How young people can be a radical force in politics

1 Mar 2018


In the week after the Parkland High School shooting, the survivors of the tragedy have formed a political movement (#neveragain), forced a CNN Town Hall, organised ‘March for our Lives’ and a school walkout — both of which are planned for next month. The students have been derided by some on the right who have accused them of being ‘crisis actors’, while others have dismissed their views on account of their age. However, this is far from the first time in history that young people have been pioneers of change.


One of the most famous examples of a movement that has been shaped by young people is the Civil Rights Movement. In the Summer of 1957, nine African American students enrolled to Little Rock High before being denied entrance to the segregated school on the request of Alabama Governor Orval Faubus. It would only be after the intervention of President Eisenhower that the Little Rock Nine would be allowed into the school, albeit with heavy security. And this led to the Cooper v. Aaron ruling (which stated that states MUST enforce the courts' decisions even if the states disagree with them), leaving no doubt as to the importance of Little Rock (and therefore young people) in the fight for civil rights.


However, while the Civil Rights campaign is one of the most high profile movements involving young people, it is far from the only example. One needs to look no further than the “old enough to fight, old enough to vote” campaign to find another example of a successful youth movement. This campaign fought for the lowering of the US voting age from 21 to 18, intensifying during the Vietnam War when men were not given the vote, yet were conscripted to fight for their country. The campaign would lead to the passing of the 26th Amendment in 1971, once again showing the importance and potential of young people in politics.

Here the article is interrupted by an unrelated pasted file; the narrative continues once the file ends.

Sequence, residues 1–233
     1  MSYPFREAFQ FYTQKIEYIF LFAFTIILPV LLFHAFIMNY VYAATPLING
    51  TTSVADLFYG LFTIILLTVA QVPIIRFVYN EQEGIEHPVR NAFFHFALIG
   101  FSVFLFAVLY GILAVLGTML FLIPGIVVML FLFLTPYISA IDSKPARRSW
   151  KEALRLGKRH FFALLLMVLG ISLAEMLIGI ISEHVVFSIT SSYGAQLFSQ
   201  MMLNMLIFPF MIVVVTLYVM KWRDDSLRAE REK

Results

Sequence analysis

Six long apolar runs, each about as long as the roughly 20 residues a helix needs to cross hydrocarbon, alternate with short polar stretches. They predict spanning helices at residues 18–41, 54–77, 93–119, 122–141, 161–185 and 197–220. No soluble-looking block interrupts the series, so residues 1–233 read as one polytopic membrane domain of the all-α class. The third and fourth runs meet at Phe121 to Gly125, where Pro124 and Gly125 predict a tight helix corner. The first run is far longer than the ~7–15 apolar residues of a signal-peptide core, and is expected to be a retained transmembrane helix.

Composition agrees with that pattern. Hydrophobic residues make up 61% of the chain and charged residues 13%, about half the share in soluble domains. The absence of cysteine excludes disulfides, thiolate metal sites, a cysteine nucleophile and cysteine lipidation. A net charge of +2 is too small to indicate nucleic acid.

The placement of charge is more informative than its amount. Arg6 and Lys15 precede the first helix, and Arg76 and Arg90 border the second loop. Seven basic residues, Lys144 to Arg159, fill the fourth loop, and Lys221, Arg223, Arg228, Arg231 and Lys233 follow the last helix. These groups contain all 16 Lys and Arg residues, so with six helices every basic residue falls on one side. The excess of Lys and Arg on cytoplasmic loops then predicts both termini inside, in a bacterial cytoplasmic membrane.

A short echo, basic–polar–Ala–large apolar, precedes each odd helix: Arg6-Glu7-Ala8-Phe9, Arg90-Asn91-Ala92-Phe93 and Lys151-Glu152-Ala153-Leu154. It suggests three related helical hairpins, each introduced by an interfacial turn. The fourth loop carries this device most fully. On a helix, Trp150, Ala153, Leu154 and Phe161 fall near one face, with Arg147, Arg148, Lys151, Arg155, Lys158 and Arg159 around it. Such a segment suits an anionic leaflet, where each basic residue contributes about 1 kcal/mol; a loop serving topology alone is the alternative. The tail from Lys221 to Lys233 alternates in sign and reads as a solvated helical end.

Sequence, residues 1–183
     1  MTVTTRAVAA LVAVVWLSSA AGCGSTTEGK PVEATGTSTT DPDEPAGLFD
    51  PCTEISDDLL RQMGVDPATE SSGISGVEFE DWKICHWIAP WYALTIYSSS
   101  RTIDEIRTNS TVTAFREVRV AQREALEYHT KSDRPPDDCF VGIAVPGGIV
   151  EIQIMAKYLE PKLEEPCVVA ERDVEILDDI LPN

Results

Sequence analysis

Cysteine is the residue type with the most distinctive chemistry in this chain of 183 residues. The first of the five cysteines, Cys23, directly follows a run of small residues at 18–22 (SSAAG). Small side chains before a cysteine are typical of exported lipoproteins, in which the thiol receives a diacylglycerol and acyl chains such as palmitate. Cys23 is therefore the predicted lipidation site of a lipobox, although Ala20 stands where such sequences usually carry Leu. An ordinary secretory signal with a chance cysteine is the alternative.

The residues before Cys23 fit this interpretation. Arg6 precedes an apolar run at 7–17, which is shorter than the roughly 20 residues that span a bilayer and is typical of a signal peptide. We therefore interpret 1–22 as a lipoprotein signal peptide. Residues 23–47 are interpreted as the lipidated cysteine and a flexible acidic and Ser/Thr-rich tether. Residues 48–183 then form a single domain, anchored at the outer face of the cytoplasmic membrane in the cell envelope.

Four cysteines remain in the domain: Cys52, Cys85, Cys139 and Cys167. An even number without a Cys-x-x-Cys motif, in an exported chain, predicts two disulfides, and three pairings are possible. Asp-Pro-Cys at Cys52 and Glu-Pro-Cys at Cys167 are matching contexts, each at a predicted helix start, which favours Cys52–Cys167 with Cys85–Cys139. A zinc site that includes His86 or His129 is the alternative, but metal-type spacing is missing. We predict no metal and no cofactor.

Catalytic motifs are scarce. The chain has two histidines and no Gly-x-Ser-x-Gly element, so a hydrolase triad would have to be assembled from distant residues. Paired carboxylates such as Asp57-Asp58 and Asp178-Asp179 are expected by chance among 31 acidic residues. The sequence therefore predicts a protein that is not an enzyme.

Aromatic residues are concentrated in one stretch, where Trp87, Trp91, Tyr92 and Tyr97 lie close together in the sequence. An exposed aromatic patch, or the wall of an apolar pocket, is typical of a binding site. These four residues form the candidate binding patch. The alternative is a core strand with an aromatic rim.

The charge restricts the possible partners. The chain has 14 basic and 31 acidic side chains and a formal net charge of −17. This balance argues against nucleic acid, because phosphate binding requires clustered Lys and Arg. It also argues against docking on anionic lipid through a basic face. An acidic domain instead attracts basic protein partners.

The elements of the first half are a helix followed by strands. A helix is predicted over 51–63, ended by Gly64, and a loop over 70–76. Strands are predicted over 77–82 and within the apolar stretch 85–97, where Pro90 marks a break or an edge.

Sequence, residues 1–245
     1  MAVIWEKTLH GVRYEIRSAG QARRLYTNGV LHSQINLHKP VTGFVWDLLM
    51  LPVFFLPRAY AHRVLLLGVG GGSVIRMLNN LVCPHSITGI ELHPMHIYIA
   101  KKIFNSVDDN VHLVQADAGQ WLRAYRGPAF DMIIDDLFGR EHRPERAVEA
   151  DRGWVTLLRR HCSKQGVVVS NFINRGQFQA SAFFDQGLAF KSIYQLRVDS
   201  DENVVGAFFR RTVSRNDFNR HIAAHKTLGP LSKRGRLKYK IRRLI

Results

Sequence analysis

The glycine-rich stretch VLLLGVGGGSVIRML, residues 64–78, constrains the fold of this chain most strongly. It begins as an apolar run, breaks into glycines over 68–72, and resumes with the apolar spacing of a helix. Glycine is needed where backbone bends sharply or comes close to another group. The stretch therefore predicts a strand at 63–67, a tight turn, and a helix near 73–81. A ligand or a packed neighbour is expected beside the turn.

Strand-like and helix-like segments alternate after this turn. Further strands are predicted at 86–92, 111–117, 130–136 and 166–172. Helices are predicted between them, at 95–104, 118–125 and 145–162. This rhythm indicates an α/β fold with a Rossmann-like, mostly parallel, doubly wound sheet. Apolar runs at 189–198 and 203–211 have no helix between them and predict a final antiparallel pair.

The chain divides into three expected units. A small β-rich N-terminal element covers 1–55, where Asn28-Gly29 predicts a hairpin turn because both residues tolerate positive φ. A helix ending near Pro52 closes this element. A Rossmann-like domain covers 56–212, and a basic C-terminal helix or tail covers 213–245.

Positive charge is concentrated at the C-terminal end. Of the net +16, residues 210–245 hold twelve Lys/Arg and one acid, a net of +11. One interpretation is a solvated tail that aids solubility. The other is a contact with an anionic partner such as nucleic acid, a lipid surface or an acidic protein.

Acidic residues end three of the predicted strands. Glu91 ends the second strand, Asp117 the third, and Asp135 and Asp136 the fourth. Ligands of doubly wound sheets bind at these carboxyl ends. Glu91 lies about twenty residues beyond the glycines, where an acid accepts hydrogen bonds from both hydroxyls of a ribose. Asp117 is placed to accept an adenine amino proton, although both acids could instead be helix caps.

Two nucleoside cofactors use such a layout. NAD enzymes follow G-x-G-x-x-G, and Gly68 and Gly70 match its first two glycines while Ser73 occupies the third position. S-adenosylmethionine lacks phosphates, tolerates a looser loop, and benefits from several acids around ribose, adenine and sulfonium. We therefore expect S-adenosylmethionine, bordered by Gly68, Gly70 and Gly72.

Additionally, it seems that in recent years youth engagement in politics has increased dramatically. From Britain to America and across the world, the effects of this have been evident. Both Jeremy Corbyn’s Labour leadership victory as well as Bernie Sanders better than expected second place performance in the Democratic Primary have been attributed to the increased political engagement of young people. Additionally, in the aftermath of the 2017 British Election it has become clear that that even though the substantially increased youth engagement didn't deliver Corbyn an outright victory, it did have an enormous effect. By voting for Labour in record numbers, 18– 24-year-olds played a huge part in stripping the Conservatives of their majority and in doing so they humiliated the Prime Minister, putting pressure on Theresa May's Government to change certain policies (the consequence of which could be seen this week after the PM launched a review of tuition fees). 


So, while the critics of gun control may dismiss the opinions of the Florida survivors because of their youth, it is clear that this isn’t the first movement to be shaped by young people and it certainly won’t be the last.

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